Yes, jade plants are mildly toxic to cats.
Part of the Crassulaceae family, the jade plant goes by many names. People also know it as baby jade, dwarf/Chinese rubber plant, lucky plant, money plant, and money tree. The plant’s signature feature is its thick, shiny, fleshy dark green leaves that grow upwards in opposing pairs. It is a popular indoor plant because it can survive with little sunlight and water.
ASPCA reveals that this particular succulent is poisonous for pet cats and dogs. Its toxic principles are unknown, but it can cause vomiting, incoordination, slow heart rate, and depression when ingested. Depression may manifest as lack of grooming, increase in aggression, lethargy and weakness, and excessive sleeping and/or hiding.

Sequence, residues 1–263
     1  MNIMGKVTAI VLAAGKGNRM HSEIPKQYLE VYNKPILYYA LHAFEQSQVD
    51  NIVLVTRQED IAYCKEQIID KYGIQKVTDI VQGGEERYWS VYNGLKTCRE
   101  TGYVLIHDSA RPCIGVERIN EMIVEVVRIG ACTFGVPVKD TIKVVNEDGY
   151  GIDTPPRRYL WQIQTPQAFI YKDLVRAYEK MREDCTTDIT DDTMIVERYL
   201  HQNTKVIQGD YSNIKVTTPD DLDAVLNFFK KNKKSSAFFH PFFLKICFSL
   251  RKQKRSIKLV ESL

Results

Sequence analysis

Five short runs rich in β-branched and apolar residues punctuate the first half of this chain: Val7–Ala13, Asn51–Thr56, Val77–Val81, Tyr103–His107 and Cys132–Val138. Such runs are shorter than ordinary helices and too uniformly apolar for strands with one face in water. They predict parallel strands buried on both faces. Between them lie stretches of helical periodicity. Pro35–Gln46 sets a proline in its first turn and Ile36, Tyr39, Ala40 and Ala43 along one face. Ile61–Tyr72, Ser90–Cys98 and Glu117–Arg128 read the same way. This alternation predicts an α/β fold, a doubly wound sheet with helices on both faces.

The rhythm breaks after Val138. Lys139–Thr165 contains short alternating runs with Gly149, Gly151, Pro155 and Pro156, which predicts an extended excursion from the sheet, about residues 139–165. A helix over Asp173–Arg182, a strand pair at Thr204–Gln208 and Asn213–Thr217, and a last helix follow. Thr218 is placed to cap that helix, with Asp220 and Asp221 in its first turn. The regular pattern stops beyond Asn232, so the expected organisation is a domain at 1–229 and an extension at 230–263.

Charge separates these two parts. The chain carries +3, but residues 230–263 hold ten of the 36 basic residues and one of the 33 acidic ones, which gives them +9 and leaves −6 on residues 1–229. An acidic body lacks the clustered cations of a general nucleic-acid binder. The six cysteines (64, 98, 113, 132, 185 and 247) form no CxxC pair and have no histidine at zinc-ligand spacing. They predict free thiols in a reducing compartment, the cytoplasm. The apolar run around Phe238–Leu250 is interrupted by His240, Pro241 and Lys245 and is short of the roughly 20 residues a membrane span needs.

What to do if your cat accidentally comes into contact with, chews, or eats jade plants: If you see your cat munching on a jade plant’s leaves or branches, get in touch with your veterinarian immediately. Don’t wait for symptoms to show as it may take one to four hours before they manifest. In addition, take the chewed pieces of the plant away from your pet.
Preventive Vet reports that jade plants are only mildly toxic and can be resolved without treatment. However, since it is not known how much of it can harm your cat, it is best to monitor her conditions closely. She will be treated depending on how much she ate and her existing symptoms.
In summary: Thought to bring financial abundance, jade plants may cause more harm than good for pet parents. Cat parents eager to bring home this houseplant should opt for other feline-friendly options. Check out the lists of ASPCA, PetMD, and Pet Poison Helpline to assist you in determining which ones are safe for cats.